I know some parents may be worried about AI and ChatGPT diluting the quality of their kids education.
AI is something that we need to help our kids understand, it’s the next tool in education and the workplace. My staff and I use GPT every single day and it’s a fantastic tool when used correctly and an obvious lazy move when used poorly. As an assessor, I can tell if my staff or students have used it to enhance their output or replace it.
I wanted to provide two simple examples from Zach’s work, as many of you know, Zach is dyslexic, he’s learning to overcome that brilliantly and GPT is just one tool in his arsenal, along with site memorization, daily reading, the David Method, and more. However, all kids can benefit from GPT as a tool and I encourage parents to get involved in this as too many schools are banning the technology.
Zach was to read a persuasive report on recycling and answer a few questions. Instead, we did the basic activity, then we built on it with GPT, we reviewed the letter line by line, and Zach highlighted in green, orange, and red what he agreed and disagreed with.
Then I asked him what we wanted to change. We put all of this into GPT and asked it to spit out a response.
Again, line by line, we reviewed and tweaked what he liked, what he thought worked, and what didn’t.
You can see the initial letter and the final product and if you asked Zach, he’d tell you why he thought it was more persuasive. Outcomes from this:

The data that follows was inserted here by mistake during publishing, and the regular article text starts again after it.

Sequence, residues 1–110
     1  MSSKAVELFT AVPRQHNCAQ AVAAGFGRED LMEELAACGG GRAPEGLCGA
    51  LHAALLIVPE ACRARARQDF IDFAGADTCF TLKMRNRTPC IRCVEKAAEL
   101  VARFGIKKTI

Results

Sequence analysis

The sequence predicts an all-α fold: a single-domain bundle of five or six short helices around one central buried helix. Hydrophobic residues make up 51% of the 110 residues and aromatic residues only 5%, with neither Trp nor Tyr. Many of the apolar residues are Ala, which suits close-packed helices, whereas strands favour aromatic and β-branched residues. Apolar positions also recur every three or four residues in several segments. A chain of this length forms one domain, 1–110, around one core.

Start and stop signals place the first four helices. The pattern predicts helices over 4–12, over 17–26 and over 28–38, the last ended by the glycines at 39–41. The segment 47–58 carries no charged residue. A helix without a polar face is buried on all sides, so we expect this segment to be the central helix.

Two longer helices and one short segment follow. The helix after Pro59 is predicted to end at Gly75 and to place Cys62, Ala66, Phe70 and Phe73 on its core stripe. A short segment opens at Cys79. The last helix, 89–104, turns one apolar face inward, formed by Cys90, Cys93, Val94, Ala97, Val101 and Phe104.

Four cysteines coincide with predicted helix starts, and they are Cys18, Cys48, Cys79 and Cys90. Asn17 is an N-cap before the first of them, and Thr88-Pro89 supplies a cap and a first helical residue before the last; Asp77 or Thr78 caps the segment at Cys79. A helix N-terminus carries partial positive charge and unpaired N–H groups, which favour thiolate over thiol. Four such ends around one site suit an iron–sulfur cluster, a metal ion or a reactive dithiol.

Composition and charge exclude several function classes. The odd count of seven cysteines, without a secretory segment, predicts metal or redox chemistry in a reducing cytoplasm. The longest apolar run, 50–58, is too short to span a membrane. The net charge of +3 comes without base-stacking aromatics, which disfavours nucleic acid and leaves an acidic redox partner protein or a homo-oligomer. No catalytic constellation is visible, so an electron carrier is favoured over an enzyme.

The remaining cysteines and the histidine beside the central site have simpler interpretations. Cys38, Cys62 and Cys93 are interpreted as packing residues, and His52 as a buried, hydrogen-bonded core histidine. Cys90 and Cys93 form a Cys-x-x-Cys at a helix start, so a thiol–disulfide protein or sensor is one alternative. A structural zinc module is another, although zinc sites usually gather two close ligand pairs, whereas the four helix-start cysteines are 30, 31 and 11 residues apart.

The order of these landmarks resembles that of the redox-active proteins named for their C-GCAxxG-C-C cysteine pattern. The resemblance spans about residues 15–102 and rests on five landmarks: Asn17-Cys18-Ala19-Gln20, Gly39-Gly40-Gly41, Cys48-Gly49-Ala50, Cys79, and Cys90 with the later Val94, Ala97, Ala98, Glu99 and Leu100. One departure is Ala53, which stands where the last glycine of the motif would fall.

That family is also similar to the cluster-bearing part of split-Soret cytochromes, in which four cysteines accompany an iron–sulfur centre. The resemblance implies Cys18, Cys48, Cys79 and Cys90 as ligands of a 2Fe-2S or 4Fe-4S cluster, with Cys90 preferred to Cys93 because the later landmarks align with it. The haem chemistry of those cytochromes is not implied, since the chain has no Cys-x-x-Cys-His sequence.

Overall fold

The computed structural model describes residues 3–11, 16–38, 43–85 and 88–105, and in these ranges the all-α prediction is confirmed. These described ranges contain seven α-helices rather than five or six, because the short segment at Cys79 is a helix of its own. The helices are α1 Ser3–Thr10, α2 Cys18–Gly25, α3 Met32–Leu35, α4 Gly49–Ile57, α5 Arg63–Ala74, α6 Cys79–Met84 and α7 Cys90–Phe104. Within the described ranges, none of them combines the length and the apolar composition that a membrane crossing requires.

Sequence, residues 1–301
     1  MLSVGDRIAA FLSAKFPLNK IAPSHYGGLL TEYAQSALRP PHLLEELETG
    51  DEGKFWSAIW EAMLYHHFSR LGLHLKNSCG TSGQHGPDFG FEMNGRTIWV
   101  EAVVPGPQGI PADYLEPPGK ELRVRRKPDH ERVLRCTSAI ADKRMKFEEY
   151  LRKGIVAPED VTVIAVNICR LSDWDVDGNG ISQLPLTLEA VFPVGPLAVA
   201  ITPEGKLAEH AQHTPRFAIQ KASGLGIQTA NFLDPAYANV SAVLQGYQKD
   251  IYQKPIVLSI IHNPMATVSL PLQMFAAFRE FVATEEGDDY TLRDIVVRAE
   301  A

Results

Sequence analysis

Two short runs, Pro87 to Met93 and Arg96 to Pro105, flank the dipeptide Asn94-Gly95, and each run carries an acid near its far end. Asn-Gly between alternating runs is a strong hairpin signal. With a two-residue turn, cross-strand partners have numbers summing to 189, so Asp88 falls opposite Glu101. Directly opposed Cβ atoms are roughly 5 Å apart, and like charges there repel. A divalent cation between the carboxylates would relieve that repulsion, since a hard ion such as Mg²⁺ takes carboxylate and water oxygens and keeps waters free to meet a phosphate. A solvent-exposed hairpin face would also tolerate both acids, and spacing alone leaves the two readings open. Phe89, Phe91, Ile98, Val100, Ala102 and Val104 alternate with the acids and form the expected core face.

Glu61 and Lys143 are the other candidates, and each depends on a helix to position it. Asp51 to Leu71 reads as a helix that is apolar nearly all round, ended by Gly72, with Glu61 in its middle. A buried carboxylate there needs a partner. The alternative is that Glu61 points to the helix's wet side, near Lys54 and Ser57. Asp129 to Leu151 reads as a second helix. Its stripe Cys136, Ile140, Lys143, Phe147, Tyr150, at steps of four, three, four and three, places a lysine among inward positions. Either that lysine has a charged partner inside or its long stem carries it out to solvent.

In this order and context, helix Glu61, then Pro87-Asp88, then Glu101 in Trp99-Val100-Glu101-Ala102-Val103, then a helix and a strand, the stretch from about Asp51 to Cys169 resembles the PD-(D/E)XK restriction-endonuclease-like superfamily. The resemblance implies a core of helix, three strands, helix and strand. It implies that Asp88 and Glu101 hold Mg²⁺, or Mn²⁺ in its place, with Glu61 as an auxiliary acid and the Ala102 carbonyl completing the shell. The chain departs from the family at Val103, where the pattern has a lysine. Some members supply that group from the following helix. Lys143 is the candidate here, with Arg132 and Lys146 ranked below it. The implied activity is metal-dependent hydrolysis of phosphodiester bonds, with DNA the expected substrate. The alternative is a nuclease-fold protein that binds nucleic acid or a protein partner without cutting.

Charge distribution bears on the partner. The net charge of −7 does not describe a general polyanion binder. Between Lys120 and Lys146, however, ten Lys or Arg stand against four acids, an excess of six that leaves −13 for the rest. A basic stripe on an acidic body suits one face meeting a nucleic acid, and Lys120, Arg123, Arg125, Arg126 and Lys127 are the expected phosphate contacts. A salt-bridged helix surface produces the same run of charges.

1. Learning how to think about persuasion
2. Learning it’s ok to have nuanced perspectives about topics
3. Learning how to use technology
4. Learning to read, review and edit carefully
We went to a wildlife park and listened to a 20-minute talk about the environmental importance of Dingoes and their role as trophic regulators and apex predators. It was a great talk, and I asked the boys to remember the terms apex predator and trophic cascade for later. They had an awesome time with the dingoes.
Today, Zach and I read a book on dingoes and two short documentaries (12 min each on youtube) about trophic cascades to reinforce and look at different examples.
Then again, we put the parameters of what we wanted chat gpt to create. Again, we read line by line, deleted, removed, and added. Only after Zach was happy and could read it through and explain what each paragraph meant in his own words, did we finalize.
1. Using technology
2. Researching using various sources of information
4. Editing, writing, reviewing
5. Presenting (at the end he had to present and read the report to Mike)
Environment – trophic levels, trophic cascades
Government- discussion about government policies (we also decided on a petition to sign and donate to)
English- reading, writing, persuasion, editing
We use ChatGPT as a tool in the Hollows school, to speed up the content creation and research phase, so that we can spend more time on more meaningful activities such as verification of information (GPT doesn’t always get it right, so you need to check), engaging more deeply in the content, and ensuring that topics are more deeply understood and therefore positions can be more strongly supported. These are the skills I know my kids will need as they move out into the world and workforce.
If you are a teacher or trainer, please consider speaking to your school to allow this technology to enhance your practices.
If you are a parent, talk to your schools about their decision and talk to your kids about how to use this technology, if your school doesn’t allow it at school, I actively encourage you to sit with your kids and apply this strategy to their assessments outside of school.
Schools may not want to adapt but fair warning to the education system, there are those of us who are not afraid of this technology and we will use it to get ahead and eventually, start our own schools or help parents homeschool because our kids need specific skills for the future that they are not getting. There are amazing teachers in our schools, I know many, but bad policies and curriculum are getting in the way.
Hollows Homeschool? Aniwaya Academy?